For as long as I can remember, my mother has loved to travel. When I was small, she often took me — her only child — along. Trips to Puerto Rico, Virgin Gorda, the Carolinas and Washington, D.C., are all part of my childhood memories.
Then, as a young adult, I traveled on my own or with friends to places like the Yucatan and Canada.
But in recent years I started traveling once again with my mother. And I've grown accustomed to the raised eyebrows when I tell friends or colleagues I'm planning yet another vacation with Kay S. Queally, my 64-year-old mom.
On more than one occasion, people have mistaken us for sisters exploring ancient ruins, hiking along nature trails, enjoying a spa day or swimming with dolphins in the Caribbean. And we've grown closer because of our travels, despite our fair share of parent-child bickering.
We laugh now at the memories of getting lost in a cramped rental car in Aruba as goats crossed a dusty road; ignoring jet lag and frigid temperatures to visit nightclubs in Reykjavik, Iceland; and trying to decipher a Dutch film in hard-to-read subtitles.
But at the time, the scenarios produced heated arguments and frayed nerves. Thankfully, they also led to some soul-searching. Now we regard the incidents as sources of both comic relief and wisdom.
"We have our ups and downs, but it makes us respect each others' ways and who we are," my mother reflected recently.
Photos have helped cement our travel memories, though we're not always seen together, since I'm usually behind the scenes while mom tolerates my umpteenth attempt at "getting the money shot."
What were we thinking when we donned those massive sombreros to pose next to a donkey in Mexico? And when it started raining in the Arizona desert, we ducked under a giant umbrella and a cousin took our picture.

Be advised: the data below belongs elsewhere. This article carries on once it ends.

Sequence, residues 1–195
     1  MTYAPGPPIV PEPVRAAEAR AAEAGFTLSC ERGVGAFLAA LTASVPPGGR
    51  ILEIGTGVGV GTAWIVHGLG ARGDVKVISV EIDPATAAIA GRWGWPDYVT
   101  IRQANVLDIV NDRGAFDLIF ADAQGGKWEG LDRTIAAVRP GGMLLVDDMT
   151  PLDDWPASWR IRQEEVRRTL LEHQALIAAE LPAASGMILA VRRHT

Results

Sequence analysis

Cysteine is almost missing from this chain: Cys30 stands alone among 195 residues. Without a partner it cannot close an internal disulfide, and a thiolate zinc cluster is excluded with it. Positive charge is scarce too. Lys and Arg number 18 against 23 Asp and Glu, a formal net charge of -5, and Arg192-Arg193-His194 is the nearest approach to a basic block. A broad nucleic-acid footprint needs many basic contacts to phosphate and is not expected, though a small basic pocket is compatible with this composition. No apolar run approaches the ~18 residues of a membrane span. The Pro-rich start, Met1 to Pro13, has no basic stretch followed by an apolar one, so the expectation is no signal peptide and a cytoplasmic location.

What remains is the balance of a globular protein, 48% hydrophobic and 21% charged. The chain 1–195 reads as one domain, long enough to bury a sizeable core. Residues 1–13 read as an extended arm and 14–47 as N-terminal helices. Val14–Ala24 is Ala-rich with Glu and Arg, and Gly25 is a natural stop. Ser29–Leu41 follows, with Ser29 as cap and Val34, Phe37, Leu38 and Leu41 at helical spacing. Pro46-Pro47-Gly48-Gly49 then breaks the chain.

Then there's the shot I insisted on taking as we crossed the Queen Emma pontoon bridge in Curacao last year. It was a blustery, overcast day, and we swayed in the wind along with the bridge's wooden planks. A blaring horn had signaled pedestrians to pick up the pace; the gate was closing and the bridge was about to swing open to let a cruise ship through.
There was a moment of panic as I raced to capture the moment, and get us across the bridge in time.
I admired her sense of adventure that day. The wind, she said, "makes me nervous, because the first thing I think about is the hurricane."
Twelve years earlier, Hurricane Marilyn had struck the U.S. Virgin Islands, destroying our home; she'd huddled alone there for hours, listening to the wind howl. I was away in grad school, but shortly after that, our travels together — which seemed to have been suspended when I was in my 20s — resumed. In one sense, it was a way of connecting with her again, or even protecting her after the storm.
One of the best things about going places with my mother is her ability to connect with strangers. I have dozens of newfound "brothers and sisters" from our travels who insisted on adopting her as their own. We've been invited to home-cooked meals while abroad and we've been given firsthand tours, simply because my mom struck up a conversation when I would have rather chilled out and kept to myself. Nice to know someone in all corners of the world, she says.
In Curacao, for example, we were treated like long-lost relatives by a retired teacher, Gene van der Hilst, who'd only met us once before, on our first visit to the island. She welcomed us into her home, spent much of her free time escorting us around and prepared an incredible flan when we invited her for brunch at our vacation rental.
On that same trip, we got a chance to tour much of the island's countryside and historic landmarks. At the Kura Hulanda Museum, which left an indelible impression, we looked at artifacts like rusted shackles and other exhibits related to the trans-Atlantic slave trade. Though my mother doesn't like confined spaces, she gingerly held on to the railing of a narrow, steep stairwell leading to a replica of a ship that brought enslaved Africans to the Caribbean.
As she led the way, I followed closely into the darkness. Then, we stood in silence.
"To go all the way down in the hull of that ship put me in tune with what our ancestors went through," she later said.
A few weeks ago I asked my mother what she likes about traveling with me now, compared to when I was a child.
"I feel more comfortable with you because I know you're going to look out for me," she said after thinking about it for a moment. "You know me better than anyone."
Funny thing, I was thinking the same about her.